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The decision comes after the company announced positive phase 3 data for the combination vaccine candidate in adults aged 60 years and older.
Unpublished interim analysis data show GSK’s respiratory syntactical virus (RSV) vaccine candidate achieved pre-specified efficacy marks in its phase 3 pivotal trial, the company reported Monday.
Now, GSK intends to submit the candidate, which would be designated for adults ≥60 years old, for potential approval with the US Food and Drug Administration (FDA) later this year.
The RSV vaccine candidate from GSK is an antigen of subunit prefusion RSV F glycoprotein plus proprietary adjuvant AS01. Investigators believe this combination may help against the natural decline of immunity to RSV observed in older adults.
The candidate is being assessed in the phase 3 AReSVi 006 phase 3 trial, a randomized, placebo-controlled, observer-blinded study assessing single-dose efficacy in approximately 25,000 adults aged ≥60 years old from 17 countries. Investigators reported in a previous immunogenicity trial that the vaccine induced “strong humoral and cellular immune responses” retained by patients ≥6 months post-vaccination readout.
GSK announced Monday their interim analysis, as reviewed by an independent data monitoring committee, showed their primary efficacy endpoint was exceeded in AReSVi 006, without any unexpected safety outcomes.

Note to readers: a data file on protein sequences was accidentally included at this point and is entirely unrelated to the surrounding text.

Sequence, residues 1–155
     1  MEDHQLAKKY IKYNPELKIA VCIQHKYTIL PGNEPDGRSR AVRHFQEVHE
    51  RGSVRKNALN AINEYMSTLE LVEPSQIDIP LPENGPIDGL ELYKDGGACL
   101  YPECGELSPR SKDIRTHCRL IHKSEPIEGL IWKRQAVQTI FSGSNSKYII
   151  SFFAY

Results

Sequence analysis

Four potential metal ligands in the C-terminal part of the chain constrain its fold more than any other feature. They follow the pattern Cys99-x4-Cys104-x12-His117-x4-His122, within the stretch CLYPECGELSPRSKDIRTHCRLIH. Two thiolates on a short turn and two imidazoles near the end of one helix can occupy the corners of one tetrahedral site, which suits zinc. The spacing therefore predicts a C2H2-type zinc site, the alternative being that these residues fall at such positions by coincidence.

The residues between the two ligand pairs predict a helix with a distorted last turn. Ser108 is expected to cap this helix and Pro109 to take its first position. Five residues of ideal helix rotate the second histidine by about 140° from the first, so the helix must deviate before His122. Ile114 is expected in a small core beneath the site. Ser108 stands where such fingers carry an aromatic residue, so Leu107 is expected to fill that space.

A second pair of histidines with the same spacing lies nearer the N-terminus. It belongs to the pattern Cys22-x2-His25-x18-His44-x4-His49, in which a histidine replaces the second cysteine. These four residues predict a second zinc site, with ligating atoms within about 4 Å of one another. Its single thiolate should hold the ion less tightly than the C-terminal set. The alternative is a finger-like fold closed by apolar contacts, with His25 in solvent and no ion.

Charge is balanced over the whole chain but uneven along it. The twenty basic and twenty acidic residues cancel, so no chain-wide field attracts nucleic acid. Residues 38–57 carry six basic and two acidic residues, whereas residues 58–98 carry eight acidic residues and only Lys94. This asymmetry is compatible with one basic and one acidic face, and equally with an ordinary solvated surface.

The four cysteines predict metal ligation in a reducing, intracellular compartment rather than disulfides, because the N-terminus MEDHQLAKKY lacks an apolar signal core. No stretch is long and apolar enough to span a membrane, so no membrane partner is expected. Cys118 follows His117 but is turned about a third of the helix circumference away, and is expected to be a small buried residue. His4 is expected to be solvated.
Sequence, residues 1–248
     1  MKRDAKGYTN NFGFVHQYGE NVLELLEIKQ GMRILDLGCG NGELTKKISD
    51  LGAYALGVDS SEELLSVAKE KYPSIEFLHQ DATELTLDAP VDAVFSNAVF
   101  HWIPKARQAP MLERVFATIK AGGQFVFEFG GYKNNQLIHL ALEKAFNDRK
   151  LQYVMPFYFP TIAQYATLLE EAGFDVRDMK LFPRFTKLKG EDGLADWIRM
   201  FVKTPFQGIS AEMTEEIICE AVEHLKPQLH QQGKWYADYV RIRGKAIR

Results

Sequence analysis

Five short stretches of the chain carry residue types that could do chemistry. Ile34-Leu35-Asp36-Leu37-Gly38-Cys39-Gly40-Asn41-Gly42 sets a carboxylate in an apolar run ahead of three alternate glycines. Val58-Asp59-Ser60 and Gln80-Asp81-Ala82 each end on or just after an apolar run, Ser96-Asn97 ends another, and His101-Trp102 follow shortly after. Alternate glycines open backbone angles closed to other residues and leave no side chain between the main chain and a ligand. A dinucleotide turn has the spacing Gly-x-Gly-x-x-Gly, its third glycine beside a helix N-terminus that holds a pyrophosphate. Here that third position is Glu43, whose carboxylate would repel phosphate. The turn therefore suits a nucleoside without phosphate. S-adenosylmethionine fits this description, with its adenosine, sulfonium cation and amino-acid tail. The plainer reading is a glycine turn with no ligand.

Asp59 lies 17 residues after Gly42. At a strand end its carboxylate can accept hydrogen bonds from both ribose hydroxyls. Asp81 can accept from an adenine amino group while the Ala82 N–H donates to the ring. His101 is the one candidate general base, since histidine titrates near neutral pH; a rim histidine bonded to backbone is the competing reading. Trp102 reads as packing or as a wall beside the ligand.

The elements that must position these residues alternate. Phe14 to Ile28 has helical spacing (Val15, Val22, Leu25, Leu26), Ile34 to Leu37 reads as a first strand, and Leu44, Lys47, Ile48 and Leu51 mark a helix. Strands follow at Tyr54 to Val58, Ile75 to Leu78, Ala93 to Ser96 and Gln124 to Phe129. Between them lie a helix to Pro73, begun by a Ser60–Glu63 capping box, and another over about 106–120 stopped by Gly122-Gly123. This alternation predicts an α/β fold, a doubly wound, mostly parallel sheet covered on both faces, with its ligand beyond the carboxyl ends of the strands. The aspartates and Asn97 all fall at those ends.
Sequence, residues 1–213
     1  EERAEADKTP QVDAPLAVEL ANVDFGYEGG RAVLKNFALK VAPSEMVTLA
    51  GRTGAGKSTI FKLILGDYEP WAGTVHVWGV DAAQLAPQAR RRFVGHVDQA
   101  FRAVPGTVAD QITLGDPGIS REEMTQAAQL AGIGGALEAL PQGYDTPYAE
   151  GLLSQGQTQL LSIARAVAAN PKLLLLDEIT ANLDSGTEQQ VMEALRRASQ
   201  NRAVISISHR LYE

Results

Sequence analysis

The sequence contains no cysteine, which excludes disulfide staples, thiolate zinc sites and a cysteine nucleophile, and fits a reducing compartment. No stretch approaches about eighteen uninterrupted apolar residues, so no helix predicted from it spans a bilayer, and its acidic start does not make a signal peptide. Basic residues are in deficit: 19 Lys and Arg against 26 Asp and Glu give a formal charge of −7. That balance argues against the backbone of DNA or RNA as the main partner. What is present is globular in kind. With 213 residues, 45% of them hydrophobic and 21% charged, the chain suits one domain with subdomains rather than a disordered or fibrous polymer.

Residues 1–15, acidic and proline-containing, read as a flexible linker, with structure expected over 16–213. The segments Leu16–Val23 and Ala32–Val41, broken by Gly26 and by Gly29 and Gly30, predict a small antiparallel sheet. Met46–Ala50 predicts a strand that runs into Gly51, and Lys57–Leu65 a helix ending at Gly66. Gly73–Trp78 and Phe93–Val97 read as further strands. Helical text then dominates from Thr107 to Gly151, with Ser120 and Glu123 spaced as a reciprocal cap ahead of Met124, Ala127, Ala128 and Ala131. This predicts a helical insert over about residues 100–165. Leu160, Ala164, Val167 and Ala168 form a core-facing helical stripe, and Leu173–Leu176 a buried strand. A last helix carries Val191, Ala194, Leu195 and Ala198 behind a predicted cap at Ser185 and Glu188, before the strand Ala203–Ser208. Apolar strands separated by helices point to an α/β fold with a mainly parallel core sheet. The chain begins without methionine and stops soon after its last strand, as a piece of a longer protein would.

While the data is to be published and reported at an upcoming medical meeting, the company stated their vaccine candidate is the first of its kind to show “statistically significant and clinically meaningful efficacy” in adults ≥60 years old. Additionally, they stated a consistent benefit was observed across both RSV subtypes A and B, as well as in adults aged ≥70 years old.
In a statement accompanying the interim data announcement, GSK chief scientific officer and president of research & development Hal Barron, MD, called the data indicative of “exceptional protection for older adults from the serious consequences of RSV infection.”
“RSV remains one of the few major infectious diseases without a vaccine, and these data have the potential to meaningfully impact the treatment of RSV and may reduce the 360,000 hospitalizations and more than 24,000 deaths worldwide each year,” Barron said. “Given the importance of these data, we plan to engage with regulators immediately and anticipate regulatory submissions in the second half of 2022.”